Monday, 31 October 2016

The gatehouse

I've made some progress with the estate gatehouse on Corrieshalloch. This was designed to add a bit of interest to the background where it stretches up above the railway. Rather than model it on one of the real Braemore Estate buildings, I wanted something that was quite small but a little bit distinctive. The model I've made is inspired by the gate lodge at Ardkinglas in Argyll (

This building has a distinctive octagonal footprint which challenged my abilities, particularly on the roof. These photos show the model which is basically a plasticard shell with some reinforcing bits. The walls are covered with cartridge paper to mimic the rendered texture, and the roof uses overlapping strips of slates printed and cut from standard copier paper. I embossed the vertical joints between the tiles first, although I'm not sure they show through much after painting. The small sections of dressed stone (chimney stack and gateposts) are also cartridge paper, with the mortar lines embossed. The chimney pots are some whitemetal castings from my scrap drawer.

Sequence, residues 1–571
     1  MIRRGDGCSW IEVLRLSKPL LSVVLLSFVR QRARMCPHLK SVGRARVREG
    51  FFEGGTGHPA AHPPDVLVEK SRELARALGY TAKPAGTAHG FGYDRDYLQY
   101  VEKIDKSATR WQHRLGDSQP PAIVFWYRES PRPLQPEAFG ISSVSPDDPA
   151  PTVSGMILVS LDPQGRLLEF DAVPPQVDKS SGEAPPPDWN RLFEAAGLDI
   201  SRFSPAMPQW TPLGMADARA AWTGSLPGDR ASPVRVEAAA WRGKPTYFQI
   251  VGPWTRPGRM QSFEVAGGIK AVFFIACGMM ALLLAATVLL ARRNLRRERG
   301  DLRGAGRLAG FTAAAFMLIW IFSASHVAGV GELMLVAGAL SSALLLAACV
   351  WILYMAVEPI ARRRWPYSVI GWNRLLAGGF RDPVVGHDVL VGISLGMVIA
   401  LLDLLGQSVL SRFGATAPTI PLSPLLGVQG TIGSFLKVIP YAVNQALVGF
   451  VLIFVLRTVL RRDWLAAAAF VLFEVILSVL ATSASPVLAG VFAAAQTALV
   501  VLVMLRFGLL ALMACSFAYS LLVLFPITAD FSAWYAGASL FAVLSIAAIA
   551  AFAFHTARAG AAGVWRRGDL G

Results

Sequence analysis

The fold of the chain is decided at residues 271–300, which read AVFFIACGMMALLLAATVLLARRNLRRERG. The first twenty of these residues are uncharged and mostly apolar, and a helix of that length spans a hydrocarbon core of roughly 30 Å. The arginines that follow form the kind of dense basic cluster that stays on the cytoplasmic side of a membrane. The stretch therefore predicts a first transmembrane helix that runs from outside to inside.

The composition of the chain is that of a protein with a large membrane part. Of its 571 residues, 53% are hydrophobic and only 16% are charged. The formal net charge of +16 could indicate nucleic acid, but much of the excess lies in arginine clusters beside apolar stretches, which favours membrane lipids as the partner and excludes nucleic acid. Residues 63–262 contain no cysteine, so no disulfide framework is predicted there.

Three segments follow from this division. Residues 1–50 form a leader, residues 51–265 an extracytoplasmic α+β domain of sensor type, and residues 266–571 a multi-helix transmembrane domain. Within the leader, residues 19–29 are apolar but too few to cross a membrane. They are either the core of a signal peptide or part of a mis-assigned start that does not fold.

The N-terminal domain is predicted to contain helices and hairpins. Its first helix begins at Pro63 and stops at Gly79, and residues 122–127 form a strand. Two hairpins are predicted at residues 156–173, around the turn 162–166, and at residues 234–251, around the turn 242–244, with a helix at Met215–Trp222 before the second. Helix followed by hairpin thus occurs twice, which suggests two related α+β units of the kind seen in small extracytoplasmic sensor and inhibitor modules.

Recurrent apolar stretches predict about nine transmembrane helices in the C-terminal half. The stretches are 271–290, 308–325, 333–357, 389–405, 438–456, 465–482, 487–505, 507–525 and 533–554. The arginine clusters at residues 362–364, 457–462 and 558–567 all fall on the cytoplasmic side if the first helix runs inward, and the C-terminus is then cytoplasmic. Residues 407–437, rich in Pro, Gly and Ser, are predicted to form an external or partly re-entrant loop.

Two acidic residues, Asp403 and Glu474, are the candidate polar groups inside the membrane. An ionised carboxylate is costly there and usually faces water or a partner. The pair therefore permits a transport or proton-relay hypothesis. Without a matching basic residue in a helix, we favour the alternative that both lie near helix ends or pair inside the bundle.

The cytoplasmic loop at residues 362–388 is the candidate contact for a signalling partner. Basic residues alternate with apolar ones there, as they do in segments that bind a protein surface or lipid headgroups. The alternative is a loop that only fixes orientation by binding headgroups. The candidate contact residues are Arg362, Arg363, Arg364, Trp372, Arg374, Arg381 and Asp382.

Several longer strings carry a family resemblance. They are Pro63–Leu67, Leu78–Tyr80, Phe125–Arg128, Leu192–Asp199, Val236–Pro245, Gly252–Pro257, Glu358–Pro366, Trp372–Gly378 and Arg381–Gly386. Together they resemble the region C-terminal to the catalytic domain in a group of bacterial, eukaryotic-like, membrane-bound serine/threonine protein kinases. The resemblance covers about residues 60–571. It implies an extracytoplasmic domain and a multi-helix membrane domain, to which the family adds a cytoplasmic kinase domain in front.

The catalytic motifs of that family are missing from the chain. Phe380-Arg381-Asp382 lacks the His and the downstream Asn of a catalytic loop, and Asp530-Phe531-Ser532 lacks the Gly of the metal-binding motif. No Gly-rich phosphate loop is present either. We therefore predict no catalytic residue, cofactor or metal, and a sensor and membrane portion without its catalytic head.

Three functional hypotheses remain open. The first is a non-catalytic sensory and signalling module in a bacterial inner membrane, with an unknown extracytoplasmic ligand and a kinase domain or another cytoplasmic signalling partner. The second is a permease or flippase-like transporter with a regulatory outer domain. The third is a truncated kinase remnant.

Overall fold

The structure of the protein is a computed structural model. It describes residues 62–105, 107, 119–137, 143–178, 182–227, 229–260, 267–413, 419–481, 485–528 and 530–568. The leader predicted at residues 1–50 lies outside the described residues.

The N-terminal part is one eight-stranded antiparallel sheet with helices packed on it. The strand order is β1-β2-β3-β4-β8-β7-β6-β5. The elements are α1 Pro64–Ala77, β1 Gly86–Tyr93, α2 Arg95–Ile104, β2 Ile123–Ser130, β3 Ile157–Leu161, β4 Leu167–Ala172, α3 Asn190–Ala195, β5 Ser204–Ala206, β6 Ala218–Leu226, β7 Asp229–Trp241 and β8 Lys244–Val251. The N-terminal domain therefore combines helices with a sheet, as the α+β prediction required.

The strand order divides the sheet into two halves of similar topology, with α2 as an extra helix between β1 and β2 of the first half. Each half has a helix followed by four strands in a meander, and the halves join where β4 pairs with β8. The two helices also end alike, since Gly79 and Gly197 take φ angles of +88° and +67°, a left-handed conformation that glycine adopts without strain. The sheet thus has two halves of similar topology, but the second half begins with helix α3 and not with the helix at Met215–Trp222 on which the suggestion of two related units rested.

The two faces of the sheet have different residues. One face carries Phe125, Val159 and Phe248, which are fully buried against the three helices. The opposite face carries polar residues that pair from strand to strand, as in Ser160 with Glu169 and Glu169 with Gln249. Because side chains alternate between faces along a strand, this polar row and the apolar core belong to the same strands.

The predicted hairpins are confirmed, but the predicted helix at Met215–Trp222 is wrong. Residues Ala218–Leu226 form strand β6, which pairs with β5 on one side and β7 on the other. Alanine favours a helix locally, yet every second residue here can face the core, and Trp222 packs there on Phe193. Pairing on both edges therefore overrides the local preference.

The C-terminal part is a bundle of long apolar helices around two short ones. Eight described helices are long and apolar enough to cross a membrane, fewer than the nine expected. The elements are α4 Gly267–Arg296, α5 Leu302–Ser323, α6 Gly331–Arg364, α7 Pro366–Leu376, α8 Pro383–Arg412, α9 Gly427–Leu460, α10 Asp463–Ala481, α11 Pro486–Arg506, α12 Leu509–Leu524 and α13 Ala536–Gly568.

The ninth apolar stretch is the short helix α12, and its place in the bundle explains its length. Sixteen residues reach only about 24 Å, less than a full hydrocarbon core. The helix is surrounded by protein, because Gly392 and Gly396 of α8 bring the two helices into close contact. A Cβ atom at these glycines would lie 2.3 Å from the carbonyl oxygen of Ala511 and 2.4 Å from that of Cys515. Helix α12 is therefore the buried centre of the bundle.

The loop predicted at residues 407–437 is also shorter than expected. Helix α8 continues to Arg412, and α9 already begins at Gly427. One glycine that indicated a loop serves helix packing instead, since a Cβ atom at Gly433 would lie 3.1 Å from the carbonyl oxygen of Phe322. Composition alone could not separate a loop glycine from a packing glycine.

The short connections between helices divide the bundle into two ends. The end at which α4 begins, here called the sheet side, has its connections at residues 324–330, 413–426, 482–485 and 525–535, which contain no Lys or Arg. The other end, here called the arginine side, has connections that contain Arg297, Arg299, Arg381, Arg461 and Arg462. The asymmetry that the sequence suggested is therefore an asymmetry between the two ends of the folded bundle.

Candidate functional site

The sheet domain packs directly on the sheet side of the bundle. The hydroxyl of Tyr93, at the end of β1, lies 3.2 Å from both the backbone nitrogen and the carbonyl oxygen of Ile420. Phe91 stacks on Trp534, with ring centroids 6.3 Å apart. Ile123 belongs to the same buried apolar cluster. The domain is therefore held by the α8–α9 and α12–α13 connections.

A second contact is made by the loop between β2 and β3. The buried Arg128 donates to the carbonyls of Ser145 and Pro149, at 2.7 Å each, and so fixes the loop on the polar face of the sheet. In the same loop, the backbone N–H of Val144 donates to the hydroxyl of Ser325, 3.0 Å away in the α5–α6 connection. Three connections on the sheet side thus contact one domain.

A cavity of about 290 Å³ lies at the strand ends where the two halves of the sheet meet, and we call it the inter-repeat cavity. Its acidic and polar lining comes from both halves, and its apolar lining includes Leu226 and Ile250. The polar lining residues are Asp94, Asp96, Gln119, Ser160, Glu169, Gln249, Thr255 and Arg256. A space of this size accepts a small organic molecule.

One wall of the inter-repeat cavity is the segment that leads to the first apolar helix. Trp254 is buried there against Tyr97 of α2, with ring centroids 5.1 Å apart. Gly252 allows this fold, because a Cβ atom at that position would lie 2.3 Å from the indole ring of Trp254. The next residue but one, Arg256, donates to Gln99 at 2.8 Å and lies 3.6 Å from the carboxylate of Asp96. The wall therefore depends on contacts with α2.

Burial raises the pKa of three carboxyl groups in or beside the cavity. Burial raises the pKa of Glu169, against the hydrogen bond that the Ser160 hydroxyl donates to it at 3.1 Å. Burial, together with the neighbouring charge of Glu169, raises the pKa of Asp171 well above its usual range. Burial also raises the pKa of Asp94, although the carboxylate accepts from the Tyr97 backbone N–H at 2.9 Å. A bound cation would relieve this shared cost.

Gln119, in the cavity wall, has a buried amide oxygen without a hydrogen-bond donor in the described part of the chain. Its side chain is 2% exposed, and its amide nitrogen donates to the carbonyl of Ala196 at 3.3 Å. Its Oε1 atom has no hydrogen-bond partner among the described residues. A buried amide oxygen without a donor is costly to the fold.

The next photo shows the windows, which were the trickiest bit (with a few failed attempts). The glazing bars are just painted on clear plasticard, but to try and get them neat I first scored parallel lines for the straight ones with a knife. I had to wing it for the curved bits. After painting, a cocktail stick was used to scrape off any stray paint up to the hard scribed line. I glued pieces of microstrip around the outside to give a raised frame (made over-thick then sanded down afterwards). The bit of wall here is the second gatepost, on the opposite side to the building.

Here are some pictures of the gatehouse in position on the layout, after some initial coats of paint.  More work will be needed to weather and blend it in with the surrounding scene, but I'm quite happy so far.

You can just about see the gate itself below: this is from a Scale-Link etch and soldered to brass posts which sit in holes in the road. It is yet to be painted.

1 comment:

John Lewsey said...

That's rather nice